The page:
Study: Nearly Half of Users Experience Withdrawal Symptoms from Antidepressants
Big news yesterday out of the United Kingdom! The All Party Parliamentary Group for Prescribed Drug Dependence announced the release of a systematic review by James Davies and John Read looking at issues of physical dependence and withdrawal from the psychiatric drugs commonly called “antidepressants”.
This is significant because the reality of psychiatric drug withdrawal is rarely acknowledged in most mainstream mental health and medical circles, despite many years of growing anecdotal reports from online withdrawal communities such as Surviving Antidepressants and Cymbalta Hurts Worse. In these groups, many people describe the mental, emotional, cognitive, and physical difficulties that have emerged for them as they’ve tried to come off antidepressants, benzodiazepines, antipsychotics, and other psychiatric drugs. For some, these difficulties are incredibly intense and last for many weeks, months, or even years. Davies and Read confirm these findings. They document that an average of 56% of people experience withdrawal symptoms upon stopping their antidepressants, with 46% of them reporting severe symptoms such as hallucinations, “mania”, suicidal feelings and long-term sexual dysfunction.
In the past year, the authors report, antidepressant drugs were prescribed to 7 million people in England, and 37 million people in the United States – meaning that at any time, countless millions of these people could be trying to get off these drugs and experiencing withdrawal symptoms.
Davies, quoted in The Guardian, says, “Existing Nice guidelines fail to acknowledge how common withdrawal is and wrongly suggest that it usually resolves within one week. This leads many doctors to misdiagnose withdrawal symptoms, often as relapse, resulting in much unnecessary and harmful long-term prescribing.” In response, NICE has said that it will review its guidelines. Hopefully, the American Psychiatric Association, American Medical Association, Food and Drug Administration and other national bodies here in the United States will hear these same messages and follow suit.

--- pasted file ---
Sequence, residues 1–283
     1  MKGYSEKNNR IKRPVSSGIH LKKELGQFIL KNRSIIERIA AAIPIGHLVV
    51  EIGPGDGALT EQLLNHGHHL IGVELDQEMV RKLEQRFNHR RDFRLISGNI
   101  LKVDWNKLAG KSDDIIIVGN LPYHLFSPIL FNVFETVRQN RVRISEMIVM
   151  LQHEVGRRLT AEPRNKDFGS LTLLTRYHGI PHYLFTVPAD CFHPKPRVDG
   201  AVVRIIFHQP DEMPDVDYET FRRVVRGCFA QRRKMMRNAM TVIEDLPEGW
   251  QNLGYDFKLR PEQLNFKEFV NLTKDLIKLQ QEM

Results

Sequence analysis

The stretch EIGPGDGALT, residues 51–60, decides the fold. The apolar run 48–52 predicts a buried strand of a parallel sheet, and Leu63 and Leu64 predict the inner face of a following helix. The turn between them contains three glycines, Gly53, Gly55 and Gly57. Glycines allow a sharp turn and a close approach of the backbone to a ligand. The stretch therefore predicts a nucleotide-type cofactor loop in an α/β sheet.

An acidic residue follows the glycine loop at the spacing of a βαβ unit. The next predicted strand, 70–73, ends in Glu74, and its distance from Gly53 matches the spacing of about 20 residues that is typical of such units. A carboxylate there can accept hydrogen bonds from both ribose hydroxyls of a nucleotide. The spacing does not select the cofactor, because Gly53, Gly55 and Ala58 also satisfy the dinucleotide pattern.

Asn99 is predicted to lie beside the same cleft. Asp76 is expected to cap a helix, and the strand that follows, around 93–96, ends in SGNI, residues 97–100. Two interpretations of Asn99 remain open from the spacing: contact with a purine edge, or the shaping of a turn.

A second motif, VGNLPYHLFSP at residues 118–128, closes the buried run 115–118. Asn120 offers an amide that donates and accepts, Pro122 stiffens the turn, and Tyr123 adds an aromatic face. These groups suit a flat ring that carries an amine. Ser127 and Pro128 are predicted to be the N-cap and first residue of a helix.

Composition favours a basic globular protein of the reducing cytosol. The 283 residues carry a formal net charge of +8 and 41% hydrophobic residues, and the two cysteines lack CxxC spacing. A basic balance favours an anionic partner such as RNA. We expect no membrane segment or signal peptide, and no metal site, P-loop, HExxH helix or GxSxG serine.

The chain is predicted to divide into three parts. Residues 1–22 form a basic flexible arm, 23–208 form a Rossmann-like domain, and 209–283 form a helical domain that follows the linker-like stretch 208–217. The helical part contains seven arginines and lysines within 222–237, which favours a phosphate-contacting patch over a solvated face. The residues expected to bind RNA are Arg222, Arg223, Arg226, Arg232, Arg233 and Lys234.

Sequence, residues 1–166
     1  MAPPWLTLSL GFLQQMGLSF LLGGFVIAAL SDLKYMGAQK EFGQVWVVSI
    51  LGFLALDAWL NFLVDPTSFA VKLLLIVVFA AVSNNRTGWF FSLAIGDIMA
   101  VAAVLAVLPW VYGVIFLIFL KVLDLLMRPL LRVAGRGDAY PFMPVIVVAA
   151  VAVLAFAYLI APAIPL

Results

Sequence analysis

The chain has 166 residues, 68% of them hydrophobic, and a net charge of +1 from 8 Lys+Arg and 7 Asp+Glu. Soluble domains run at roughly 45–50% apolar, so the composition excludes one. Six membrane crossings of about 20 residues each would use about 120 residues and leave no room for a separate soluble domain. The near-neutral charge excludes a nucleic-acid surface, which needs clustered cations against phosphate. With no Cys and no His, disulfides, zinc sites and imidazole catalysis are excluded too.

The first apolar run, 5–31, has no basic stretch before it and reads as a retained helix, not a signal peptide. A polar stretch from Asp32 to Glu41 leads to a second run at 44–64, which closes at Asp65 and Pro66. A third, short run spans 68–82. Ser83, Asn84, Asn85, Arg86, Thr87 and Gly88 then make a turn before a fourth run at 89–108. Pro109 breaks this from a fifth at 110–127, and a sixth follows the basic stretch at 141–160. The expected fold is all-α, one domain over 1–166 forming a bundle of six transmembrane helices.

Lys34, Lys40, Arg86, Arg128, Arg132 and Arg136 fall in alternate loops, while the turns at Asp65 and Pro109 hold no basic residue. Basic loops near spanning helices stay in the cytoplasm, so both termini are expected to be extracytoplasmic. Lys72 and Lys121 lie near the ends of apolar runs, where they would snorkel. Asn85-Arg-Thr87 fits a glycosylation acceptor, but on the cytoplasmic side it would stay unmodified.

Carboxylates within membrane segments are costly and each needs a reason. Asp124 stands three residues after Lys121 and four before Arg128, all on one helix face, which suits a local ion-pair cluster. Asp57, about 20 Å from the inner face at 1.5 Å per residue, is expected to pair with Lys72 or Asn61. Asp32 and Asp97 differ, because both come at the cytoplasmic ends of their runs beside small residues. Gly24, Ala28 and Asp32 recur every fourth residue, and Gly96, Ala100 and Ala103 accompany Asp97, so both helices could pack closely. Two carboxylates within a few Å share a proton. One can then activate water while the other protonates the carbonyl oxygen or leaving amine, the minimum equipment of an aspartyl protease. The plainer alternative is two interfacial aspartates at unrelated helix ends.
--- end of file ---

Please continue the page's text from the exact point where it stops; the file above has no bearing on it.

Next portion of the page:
If you are one of the countless people for whom all of this is truly new and shocking information, then we’re here to help! Please take some time to peruse our many free resources, developed in collaboration with people who have direct, personal experience with withdrawal. These include:
- A step-by-step guide on how to prepare for withdrawal and taper off antidepressants or other psychiatric drugs in ways that minimize risks and optimize chances of success
- A networking platform for connecting people in local communities who are in the process of, or have experience in coming off psychiatric drugs
- A library of crowd-sourced resources for coping with difficulties while coming off psychiatric drugs
- Educational information about diagnoses and psychiatric drugs that is more thorough and forthright than what can be found on most drug information websites which tend to be funded by the pharmaceutical industry